From the point of view of the Arab Middle East, the decision to alter the course with Iran means that America is effectively choosing a side in the historical, centuries-old feud in favor of the Shiite minority, scaring the Sunni majority. By doing so, the Americans are encouraging the Shiites, who since the revolution in Iran 35 years ago have been the most dynamically negative force in the Middle East, a force which reaches far and wide via its terrorist group proxies.Iran established Hezbollah in Lebanon -- and it is fighting on behalf of the Assad regime in Syria. Iran created the Islamic Jihad group as a Sunni proxy among the Palestinians -- to fight Israel. And Iran is helping Hamas, also a Sunni Palestinian organization -- to undermine the Palestinian Authority and also to fight Israel. Iran backs the Houthi rebels who have conquered Sana'a, and it prodded the riots in Bahrain, which were subdued with help from Saudi Arabia. Across the entire globe, the Iranians and their Hezbollah allies have carried out dozens of terrorist attacks against Israel, and the Americans are well aware of this. The U.S. is on the verge of partnering with this radical force, in the hope that doing so will bring about regional stability? It's hard to believe, but reports to this effect are multiplying.
The new American policy will turn the entire Sunni world against the US, Amidror notes, as well as encourage even more nuclear proliferation as the abandoned Sunnis nuke up in order to protect themselves against the aggressive and expansionist Iranian regime. It will encourage Iran to continue to export terrorism all over the world, including America's soft underbelly via Latin America.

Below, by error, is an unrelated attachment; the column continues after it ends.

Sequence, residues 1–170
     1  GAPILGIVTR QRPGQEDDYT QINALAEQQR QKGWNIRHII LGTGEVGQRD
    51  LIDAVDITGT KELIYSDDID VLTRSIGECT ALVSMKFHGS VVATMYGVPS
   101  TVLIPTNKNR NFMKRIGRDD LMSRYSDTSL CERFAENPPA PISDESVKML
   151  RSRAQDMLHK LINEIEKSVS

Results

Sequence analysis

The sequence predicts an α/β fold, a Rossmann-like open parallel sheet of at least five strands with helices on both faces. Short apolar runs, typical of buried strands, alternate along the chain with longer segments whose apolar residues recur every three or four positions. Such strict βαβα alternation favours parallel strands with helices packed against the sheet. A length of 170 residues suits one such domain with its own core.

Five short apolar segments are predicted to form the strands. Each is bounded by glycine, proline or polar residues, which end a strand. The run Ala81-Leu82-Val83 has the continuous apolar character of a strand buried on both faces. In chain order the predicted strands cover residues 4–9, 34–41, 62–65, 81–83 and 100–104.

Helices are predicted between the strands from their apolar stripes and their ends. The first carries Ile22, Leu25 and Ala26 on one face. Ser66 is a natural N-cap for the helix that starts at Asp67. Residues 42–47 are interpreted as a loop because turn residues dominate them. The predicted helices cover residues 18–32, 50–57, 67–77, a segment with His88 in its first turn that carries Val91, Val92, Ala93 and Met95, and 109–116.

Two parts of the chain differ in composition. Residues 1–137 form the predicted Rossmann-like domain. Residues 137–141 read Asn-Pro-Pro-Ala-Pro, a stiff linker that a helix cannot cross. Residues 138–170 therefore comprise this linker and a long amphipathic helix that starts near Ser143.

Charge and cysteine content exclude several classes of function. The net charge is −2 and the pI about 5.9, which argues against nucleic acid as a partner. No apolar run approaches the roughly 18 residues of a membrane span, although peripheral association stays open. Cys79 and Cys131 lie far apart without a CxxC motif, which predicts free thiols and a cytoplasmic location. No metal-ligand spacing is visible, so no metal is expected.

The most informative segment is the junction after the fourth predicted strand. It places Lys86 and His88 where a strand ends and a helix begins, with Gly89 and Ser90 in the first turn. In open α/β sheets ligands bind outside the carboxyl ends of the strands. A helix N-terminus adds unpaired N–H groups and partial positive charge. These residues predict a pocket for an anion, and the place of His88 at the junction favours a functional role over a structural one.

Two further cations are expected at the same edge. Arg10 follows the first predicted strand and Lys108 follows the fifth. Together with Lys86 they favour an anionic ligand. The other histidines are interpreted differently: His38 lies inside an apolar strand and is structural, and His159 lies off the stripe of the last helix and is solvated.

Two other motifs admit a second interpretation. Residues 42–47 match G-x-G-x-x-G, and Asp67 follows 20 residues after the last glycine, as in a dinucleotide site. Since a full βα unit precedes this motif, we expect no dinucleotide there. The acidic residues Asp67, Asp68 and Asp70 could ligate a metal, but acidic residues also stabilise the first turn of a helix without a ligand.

It also represents a striking reversal of the commitment of most recent American administrations to the security of Israel. Iran stands behind almost every enemy of Israel today, from the tens of thousands of Hizballah missiles in Lebanon that can strike almost every location in the Jewish state, to the tunnel diggers and suicide bombers of Hamas, to the self-motivated stabbers and murder drivers in the territories. Right now, Iran is beefing up its forces in the Syrian Golan, creating yet another possible front for conflict.
Aligning with Iran and protecting Israel are inconsistent actions -- doing one precludes doing the other. To facilitate the possession of nuclear weapons by a regime that holds Holocaust denial conferences and cartoon competitions, that almost daily announces that Israel must and will be destroyed, and that almost entirely surrounds Israel with its military proxies, is nothing less than an act of aggression against the Jewish state.
This is why I called Obama an enemy of the Jewish state and the Jewish people, and why I don't consider that statement 'extreme' at all.
The relationship between Israel and the US is in the process of being torn apart, and it has nothing to do with 'protocol' or personal animosity between Netanyahu and Obama. It is a divergence over policy, a result of a conscious decision taken by the administration to reverse course in the Middle East and place the US in the Iranian corner. Unless the next American president sharply changes course yet again, the map of Israel's alliances will look significantly different in the coming years.
Vic Rosenthal lives in Israel and blogs at abuyehuda.com.
Vic Rosenthal lives in Israel and blogs at abuyehuda.com.